Posts Tagged ‘Frederick Knott’


The Group Rep starts the summer off with a stylishly directed, classily designed, mostly quite well-cast revival of Frederick Knott’s classic 1952 thriller Dial “M” For Murder.
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Some plays simply cannot be updated to the 21st Century. Take for example Wait Until Dark, Frederick Knott’s classic 1966 thriller about a blind New York City newlywed targeted by a trio of thugs out to find the heroin-filled doll they believe to be hidden somewhere in the walk-down flat she shares with her photographer husband—a play entirely dependent on there being just one land-line phone in the apartment and a (now virtually non-existent) phone booth on a nearby corner.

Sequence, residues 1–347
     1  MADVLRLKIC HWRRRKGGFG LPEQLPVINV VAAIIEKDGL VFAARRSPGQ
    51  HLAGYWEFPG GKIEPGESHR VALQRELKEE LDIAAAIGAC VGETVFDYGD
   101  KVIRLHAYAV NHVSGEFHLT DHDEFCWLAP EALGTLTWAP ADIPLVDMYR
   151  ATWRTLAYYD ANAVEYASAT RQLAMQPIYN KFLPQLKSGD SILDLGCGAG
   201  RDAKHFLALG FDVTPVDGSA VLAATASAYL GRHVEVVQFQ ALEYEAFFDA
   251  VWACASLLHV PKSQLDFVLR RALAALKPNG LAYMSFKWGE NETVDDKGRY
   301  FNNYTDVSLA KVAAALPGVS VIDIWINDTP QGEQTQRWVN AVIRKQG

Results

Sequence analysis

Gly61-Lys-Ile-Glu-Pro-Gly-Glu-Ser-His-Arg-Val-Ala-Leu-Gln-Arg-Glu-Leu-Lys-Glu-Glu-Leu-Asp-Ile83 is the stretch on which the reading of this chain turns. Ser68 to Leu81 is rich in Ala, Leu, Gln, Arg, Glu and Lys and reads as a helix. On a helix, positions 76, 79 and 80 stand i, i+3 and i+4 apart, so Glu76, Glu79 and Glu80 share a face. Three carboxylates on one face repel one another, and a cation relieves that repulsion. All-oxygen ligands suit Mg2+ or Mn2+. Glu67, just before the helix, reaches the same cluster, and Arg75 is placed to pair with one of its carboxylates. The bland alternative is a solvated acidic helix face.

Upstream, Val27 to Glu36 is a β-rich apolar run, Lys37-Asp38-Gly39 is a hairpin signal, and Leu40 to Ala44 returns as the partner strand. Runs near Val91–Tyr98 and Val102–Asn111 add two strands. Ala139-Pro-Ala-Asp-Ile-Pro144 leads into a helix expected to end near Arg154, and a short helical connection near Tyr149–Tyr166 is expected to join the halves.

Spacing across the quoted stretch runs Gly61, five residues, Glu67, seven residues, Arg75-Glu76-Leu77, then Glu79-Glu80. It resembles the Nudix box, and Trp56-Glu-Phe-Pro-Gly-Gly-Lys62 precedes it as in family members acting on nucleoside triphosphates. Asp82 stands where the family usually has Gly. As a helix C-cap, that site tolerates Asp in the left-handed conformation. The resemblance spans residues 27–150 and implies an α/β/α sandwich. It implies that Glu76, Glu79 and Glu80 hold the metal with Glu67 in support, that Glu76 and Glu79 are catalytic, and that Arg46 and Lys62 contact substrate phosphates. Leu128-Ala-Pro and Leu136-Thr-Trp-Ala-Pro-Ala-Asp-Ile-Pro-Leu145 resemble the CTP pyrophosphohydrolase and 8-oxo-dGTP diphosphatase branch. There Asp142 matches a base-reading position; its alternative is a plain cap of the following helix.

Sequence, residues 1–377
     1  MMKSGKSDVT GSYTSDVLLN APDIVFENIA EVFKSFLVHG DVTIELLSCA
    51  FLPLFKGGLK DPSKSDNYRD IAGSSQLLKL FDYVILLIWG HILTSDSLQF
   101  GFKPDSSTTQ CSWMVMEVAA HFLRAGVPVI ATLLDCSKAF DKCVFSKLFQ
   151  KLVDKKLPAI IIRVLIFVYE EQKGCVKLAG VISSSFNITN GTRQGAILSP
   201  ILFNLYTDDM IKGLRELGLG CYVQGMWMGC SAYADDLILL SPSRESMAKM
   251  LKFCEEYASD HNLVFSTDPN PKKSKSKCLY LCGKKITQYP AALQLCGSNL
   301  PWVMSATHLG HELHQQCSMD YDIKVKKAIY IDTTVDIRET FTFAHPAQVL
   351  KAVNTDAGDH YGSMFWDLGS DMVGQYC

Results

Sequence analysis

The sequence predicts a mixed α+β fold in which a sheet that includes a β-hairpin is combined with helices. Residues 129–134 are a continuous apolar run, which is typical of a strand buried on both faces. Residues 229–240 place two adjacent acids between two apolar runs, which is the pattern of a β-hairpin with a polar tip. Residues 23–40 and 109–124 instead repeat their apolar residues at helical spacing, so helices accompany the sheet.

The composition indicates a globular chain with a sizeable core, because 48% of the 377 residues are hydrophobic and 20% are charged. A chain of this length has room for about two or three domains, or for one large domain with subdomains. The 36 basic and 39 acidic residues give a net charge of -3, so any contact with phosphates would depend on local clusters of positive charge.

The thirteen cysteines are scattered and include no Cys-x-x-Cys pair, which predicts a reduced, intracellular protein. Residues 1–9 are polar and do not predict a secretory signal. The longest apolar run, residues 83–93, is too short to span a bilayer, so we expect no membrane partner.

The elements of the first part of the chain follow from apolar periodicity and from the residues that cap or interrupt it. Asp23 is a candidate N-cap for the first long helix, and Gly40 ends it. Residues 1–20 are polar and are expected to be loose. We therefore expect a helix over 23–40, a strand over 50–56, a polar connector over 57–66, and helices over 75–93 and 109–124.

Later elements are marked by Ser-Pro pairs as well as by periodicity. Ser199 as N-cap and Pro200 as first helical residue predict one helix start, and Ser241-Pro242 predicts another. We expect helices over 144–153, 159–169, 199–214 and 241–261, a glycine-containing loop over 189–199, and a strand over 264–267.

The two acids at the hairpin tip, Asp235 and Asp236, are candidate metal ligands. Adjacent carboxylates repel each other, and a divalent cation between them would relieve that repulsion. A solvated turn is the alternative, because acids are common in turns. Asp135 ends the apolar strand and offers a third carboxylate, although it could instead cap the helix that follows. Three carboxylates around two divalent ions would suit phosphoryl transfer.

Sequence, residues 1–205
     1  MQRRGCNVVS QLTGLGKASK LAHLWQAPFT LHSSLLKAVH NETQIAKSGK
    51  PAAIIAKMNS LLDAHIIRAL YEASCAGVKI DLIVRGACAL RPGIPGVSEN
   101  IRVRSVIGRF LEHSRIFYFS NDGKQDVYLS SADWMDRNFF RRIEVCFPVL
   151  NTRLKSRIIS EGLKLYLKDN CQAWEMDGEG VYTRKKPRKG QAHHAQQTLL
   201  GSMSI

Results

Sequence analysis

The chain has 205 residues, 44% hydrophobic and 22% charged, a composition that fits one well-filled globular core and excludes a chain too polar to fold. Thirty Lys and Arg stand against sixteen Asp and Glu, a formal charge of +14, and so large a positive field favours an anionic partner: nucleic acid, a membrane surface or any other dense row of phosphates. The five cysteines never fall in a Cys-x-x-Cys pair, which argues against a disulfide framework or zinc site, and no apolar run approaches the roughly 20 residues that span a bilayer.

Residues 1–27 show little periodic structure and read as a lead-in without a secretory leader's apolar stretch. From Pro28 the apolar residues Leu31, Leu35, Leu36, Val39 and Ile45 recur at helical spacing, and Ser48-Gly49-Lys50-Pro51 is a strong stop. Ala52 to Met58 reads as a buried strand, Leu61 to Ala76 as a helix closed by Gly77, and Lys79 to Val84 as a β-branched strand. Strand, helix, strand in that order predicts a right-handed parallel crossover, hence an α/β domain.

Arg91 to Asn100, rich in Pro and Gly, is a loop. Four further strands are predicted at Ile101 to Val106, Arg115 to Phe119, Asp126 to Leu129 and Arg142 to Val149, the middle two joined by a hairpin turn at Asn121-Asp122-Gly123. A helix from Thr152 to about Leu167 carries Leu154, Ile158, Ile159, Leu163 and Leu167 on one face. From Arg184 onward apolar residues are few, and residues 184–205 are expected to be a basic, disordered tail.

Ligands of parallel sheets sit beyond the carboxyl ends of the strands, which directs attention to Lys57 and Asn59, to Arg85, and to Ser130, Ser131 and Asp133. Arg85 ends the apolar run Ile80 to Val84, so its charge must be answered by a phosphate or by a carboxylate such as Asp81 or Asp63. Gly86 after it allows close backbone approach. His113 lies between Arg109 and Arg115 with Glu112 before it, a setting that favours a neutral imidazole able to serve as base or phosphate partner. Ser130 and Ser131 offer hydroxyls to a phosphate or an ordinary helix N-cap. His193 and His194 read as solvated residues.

That’s why, when I heard that playwright Jeffrey Hatcher was adapting Wait Until Dark for the Geffen Playhouse “in a new time/setting,” my first thought was “They must be kidding!” Then I found out that Hatcher was actually taking Knott’s thriller back in time to WWII New York City and that thought turned to “Wow! What a clever idea!” Not only a clever idea, it turns out, but one that proves as exiting in execution as in theory.
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